|To the average person, Will Cross’s adventure at the South Pole sounds like something out of a nightmare.
Aspart of the NovoLog Ultimate Walk to Cure Diabetes, Cross and a partner, Jerry Petersen, 36, walked more than 700 largely uphill miles in 62 days in what is considered to be the harshest terrain on earth. The walk was part of a fundraising effort for the Juvenile Diabetes Research Foundation UK and was also a research project that studied the effect of extreme conditions on the body of a person with diabetes.
The South Pole sits on 9,000 feet of ice. There are no human inhabitants and no animals. The sun never sets in summer and never rises in winter. During the polar darkness that lasts from around mid-February until late October, planes cannot even land.
Fewer people have walked to the South Pole than have visited outer space. Cross, who has had type 1 since age 9, is the first person with diabetes to make the journey.
For Cross, a 35-year-old high school principal from Pittsburg, Pensylvania, the journey to the Pole involved considerable risks. It also required rigorous training, intensive planning for his specific needs, and a self-described “brain haemorrhage” on his part.
“People thought I was crazy to do such a thing”, he says, now safely at home in Pittsburg with his wife and four children. “Maybe I was”
When Cross and Petersen-who does no have diabetes-began the walk. But his previous expeditions-to the North Pole (2001), up the Matterhorn (1998), and Cross that he could do it. He just had to prepare for the unusually brutal conditions.
The days in Antarctica began very early. In order to walk the requisite 13 miles a day, pulling a 150-pound sled through snow, slush, ice and wind in below-zero temperatures for 10 hours a day, Cross and his partner woke at 6:30 a.m.
For breakfast, they made sure to eat a very substantial meal. Cross even mixed butter into his coffee to add extra calories.
In order to avoid hypoglycemia while out on the ice, he snacked all day on nuts, dried fruit, honey, cookies and “lots and lots of chocolate.”
Cross and Petersen Walked in shifts of an hour and half, with 10-minute breaks in between, during which they ate as much as possible.
At 7 p.m., they would stop, pitch their tent, and set up camp. Then they would eat a huge dinner and call their families on cell phones. They also called the news agencies that were following their journey.
“The biggest challenge was the recovery process,” reports Cross. “Our bodies don’t recover as quickly. When you are ounishing yourself 10 hours a day for two months in the hardest part with diabetes.”
Dealing with the nuts and bolts of diabetes was also difficult in the frigid climate.
Because of the sub-zero temperatures, Cross could test his blood glucose only while in his sleeping bag, encased in a bomb-proof Swedish tent.
“I’d usually wake up with a reading in the low 100s,” he recalls, “but before we left the tent for the day, I’d want to be up in the 220s (because) I had to go all day.”
He could take insulin only twice a day, again while in the safety of his sleeping bag.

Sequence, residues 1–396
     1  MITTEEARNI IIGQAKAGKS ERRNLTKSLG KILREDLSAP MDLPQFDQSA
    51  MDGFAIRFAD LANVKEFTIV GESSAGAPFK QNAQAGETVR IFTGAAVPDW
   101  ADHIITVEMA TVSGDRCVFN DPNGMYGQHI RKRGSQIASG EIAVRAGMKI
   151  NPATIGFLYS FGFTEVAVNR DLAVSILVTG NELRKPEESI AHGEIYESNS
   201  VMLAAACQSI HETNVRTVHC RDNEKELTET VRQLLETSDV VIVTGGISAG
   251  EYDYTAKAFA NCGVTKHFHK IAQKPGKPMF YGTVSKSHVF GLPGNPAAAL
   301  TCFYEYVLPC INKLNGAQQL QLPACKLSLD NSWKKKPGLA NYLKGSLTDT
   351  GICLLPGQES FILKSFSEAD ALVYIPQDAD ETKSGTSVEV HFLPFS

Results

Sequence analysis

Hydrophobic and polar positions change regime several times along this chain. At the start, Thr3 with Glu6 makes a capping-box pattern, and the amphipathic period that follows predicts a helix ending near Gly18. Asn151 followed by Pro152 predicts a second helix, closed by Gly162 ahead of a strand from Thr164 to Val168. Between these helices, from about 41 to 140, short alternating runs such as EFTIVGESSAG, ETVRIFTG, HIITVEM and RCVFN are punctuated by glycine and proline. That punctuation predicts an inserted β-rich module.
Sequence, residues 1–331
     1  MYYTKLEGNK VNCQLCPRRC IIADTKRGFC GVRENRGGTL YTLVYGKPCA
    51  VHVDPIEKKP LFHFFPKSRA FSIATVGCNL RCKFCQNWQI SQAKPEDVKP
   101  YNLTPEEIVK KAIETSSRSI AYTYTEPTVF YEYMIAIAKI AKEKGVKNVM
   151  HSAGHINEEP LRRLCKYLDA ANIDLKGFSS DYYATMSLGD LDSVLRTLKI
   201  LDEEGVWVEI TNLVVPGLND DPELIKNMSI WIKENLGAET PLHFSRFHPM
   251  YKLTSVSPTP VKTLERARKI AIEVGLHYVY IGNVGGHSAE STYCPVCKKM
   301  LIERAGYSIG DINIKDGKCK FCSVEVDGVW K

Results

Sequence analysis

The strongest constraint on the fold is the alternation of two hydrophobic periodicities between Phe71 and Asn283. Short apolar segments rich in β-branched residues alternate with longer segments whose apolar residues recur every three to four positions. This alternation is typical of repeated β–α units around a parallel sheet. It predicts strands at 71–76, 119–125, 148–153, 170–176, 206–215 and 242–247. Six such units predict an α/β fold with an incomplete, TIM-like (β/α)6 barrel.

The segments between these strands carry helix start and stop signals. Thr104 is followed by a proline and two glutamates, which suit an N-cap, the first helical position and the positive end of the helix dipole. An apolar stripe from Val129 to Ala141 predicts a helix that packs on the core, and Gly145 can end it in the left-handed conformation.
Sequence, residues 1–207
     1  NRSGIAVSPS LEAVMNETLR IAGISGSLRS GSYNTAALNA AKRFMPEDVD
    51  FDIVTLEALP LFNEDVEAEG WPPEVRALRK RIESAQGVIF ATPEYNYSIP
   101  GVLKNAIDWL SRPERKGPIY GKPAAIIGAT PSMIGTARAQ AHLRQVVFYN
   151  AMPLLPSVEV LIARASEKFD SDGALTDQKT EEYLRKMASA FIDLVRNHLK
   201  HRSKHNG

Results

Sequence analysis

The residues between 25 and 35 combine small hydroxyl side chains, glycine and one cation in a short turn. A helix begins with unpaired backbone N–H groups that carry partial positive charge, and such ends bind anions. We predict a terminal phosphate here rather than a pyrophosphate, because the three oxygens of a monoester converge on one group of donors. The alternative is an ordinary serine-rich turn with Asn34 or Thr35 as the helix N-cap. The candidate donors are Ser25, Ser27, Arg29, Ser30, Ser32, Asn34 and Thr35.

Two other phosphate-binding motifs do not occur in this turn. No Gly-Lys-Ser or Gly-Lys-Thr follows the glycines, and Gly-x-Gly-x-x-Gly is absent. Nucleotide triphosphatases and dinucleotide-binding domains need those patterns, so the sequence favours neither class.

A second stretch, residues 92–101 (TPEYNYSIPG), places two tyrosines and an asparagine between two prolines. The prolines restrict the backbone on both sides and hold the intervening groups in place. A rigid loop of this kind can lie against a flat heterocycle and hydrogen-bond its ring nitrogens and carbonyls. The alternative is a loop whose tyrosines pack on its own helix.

On the coldest day of their trek, the temperature dropped to minus 52 degrees. Even on average days, when the temperature was a relatively toasty minus 20 degrees, Cross says there was a always one important thing to keep in mind.
“You’ve got to go to the bathroom very quickly.”
Cross-admits that there were definitely days when he and Petersen thought, “What the hell are we doing here?”
“But I you build that into your mental planning process,” he explains. “You say, I know I am going to have days like that. Then, when you have one, you just keep on getting on with it. It’s like having diabetes. There is no point in complaining you’ve got it whether you complain or not. Just get on with it.”
Cross experiences walking as a form of meditation, and the Pole offered an unusual environment in which to let his mind drift.
“There is no pollution, the sky is a beautiful blue, there is a halo around the sun because of the reflection from the ice, and there are hundreds of patterns in the snow. It’s beautiful in very delicate ways.”
For the last two weeks of the expedition, Cross and Petersen were accompanied by two other people: Cross’s father, Michael, 60, also a type 1; and Dr. Bret Goodpaster, a medical researcher. The only medical problem that emerged on the trip was that Michael Cross developed frostbite in his hands, probably as a result of neuropathy. He has fully recovered.
While Cross has no plans to return to the South Pole in the immediate future, he is glad that he went in the trip-and somewhat amazed that he made it through.
“At the end of it, I’m like, I can’t believe I did that! I also got personal gratification from organizing the trip. I believe it has touched people who weren’t. I get comments that people were inspired and that the research was important.”
Cross also looks forward to future expeditions.
“I think expeditions are directly applicable to many parts of my life. It’s similar to having diabetes. It’s hard to have diabetes. You’ve got to plan, prepare and execute-and realize that if you don’t get it right, you will pay some consequences. On the other hand, diabetes gives me drive against the clock. I want to get these trips done.”